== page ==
SOM campus to reflect philosophy of group learning

When Stan Garstka visited the University of Chicago’s Graduate School of Business recently, he was sure to check out its locker rooms, showers and all.

Garstka is not a coach, though. He is deputy dean of the Yale School of Management. And his visit to Chicago is nothing if not an indicator of the distinctive approach SOM officials are taking as they plan for a new campus set to open in 2011.

The School of Management will move to a new complex on Whitney Avenue, in contrast to the scattered buildings it currently occupies.
Daniel Carvalho
The School of Management will move to a new complex on Whitney Avenue, in contrast to the scattered buildings it currently occupies.

Lord Norman Foster ARC ’62, whose firm Foster + Partners is designing the facility for Yale, is known for his sleek, contemporary buildings. For SOM, which seeks to stand in the vanguard of business schools, a glass facade will be part of a transformation that began in 2006 with a new curriculum.

But the planning is more than just skin deep: The glass is important, SOM officials said, but of even greater interest is what will go on within the svelte walls.

The showers, for example, are not for lacing up to play basketball — they are for suiting up for interviews.

And it might not be too much of a stretch to say that SOM itself is suiting up these days.

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When first announced in September, the complex, which will be located on a four-acre site on Whitney Avenue, was to be some 230,000 square feet in all. The building has since grown, if only on paper, to 246,000 square feet, Associate SOM Dean Diane Palmeri said.

Such changes are in part just a reflection of the constantly changing nature of any design process, but they also stem from discussions that the architects have had with members of the SOM community.

In those sessions, students in particular have reflected on shortcomings in the school’s current facilities. But when asked to identify qualities they hope will come to define the new campus, there was little disagreement.

“The architects were amazed,” Palmeri said. “Each group came out with similar, and in many cases identical, goals for the project and for our school.”

One of the most pronounced problems with existing SOM facilities is that they are scattered among various buildings on campus, making it difficult for students and faculty to feel that their school has a unified home.

This will all change, as courtyards and common spaces are an integral part of the tentative designs, Palmeri said.

These social hubs are about more than just filling obvious needs, Dean Joel Podolny said — they are an extension of curricular developments.

“We have historically placed an emphasis on groups and teams,” Podolny said. “Now we’re going to have the facilities to support us in that effort.”

For Jonathan Lehr SOM ’09, facilities can truly be a literal term. He said the current “outdated bathrooms” are bothersome for students. And on a more serious note, Lehr said, group spaces are essential to SOM students.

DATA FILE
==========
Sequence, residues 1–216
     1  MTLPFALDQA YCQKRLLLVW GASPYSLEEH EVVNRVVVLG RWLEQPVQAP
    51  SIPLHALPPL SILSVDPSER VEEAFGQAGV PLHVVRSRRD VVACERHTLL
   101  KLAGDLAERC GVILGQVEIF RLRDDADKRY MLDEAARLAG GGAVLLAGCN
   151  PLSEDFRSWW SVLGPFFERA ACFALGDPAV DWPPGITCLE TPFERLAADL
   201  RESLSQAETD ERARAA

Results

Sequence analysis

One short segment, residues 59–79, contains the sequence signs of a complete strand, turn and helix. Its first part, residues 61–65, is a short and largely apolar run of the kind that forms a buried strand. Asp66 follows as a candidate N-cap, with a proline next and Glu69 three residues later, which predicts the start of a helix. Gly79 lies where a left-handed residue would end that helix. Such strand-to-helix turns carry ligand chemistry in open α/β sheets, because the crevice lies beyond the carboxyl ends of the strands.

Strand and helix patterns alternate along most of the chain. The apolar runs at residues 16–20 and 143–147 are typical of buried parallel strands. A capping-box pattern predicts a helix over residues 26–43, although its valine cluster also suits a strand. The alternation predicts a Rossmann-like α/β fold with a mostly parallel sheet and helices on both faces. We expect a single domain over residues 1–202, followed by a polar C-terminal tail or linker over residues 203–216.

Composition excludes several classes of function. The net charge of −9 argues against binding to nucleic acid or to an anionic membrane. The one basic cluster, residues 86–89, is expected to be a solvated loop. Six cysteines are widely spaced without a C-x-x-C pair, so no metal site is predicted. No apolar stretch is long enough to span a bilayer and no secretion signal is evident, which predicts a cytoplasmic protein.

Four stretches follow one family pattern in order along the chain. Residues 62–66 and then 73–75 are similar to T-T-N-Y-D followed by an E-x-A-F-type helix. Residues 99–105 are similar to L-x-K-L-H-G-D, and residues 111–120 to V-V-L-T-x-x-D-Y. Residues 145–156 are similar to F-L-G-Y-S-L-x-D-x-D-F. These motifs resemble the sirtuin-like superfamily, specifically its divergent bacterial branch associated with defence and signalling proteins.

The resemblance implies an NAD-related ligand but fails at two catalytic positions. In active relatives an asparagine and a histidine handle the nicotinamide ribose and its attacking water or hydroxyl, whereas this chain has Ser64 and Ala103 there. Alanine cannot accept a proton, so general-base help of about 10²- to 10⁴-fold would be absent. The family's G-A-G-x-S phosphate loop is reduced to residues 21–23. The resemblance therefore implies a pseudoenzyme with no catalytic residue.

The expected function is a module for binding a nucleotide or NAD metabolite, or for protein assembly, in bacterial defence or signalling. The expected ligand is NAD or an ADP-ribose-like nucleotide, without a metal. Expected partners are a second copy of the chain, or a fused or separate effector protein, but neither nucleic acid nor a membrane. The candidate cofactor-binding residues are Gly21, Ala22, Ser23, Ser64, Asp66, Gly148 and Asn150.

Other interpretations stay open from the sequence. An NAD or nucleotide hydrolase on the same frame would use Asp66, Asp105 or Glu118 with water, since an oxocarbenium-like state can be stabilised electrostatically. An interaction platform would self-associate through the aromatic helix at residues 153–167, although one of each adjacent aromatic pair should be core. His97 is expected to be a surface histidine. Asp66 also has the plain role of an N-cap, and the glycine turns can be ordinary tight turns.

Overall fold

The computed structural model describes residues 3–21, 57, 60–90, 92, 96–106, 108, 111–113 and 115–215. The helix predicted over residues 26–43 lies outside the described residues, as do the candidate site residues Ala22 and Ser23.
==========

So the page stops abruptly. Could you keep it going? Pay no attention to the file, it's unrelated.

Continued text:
Even conference calls require the availability of large rooms, he said.

If administrators are focusing on anything in this process, it seems to be the design of classrooms themselves. Podolny posed a simple problem.

“I know it sounds trivial,” he said, “but usually there’s only one podium in front of a class. What if you have two instructors and both have notes? What if both have laptops? They’re tripping over each other.”

In a curriculum that emphasizes such collaborative teaching, tripping could be a real concern. So classroom designers at Foster’s firm are taking a whole different approach — they are looking at sightlines from student desks almost as if they were baseball-stadium architects.

And beyond where students are sitting, Podolny said the seats themselves may be hardwired with new technologies so that faculty can track students’ responses and record class activities.

“It’s just very exciting to be exploring so many new developments all at once,” Podolny said.

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For the University in general, there is also excitement about the possibilities the new SOM campus opens up for other programs.

Robert A.M. Stern ARC ’65, dean of the Yale School of Architecture, noted that SOM’s vacating several buildings at the top of Hillhouse Avenue will allow the University to put those sites to new uses.

Together with other developments in the area, Stern said, the existing SOM buildings can help bring vitality at all hours into the Science Hill area — perhaps in tandem with the addition of two new residential colleges just north of the Grove Street Cemetery along Prospect Street.

“Interesting uses that were never before possible in that area are now going to make the upper end of campus more central,” Stern said.

Thomas Zacharias SOM ’79 was at Yale during a time of similar excitement surrounding SOM’s facilities. He was a student at SOM when it was a startup and said the facilities built then were “very appealing.”

But Zacharias, now involved in real-estate development in New York City, noted the difficulty of expansion at SOM until the recent decision to build a completely new campus.

“There were tremendous limitations to what you could do at the current location,” he said.

Those limitations have become obvious over the years, but Garstka said SOM is now in a position to grow like never before. Along with the expanded physical space, student enrollment will also increase when the new facilities are available.

“Management is fundamentally a group activity,” Garstka said. “Our group is getting bigger and our home is getting nicer.”

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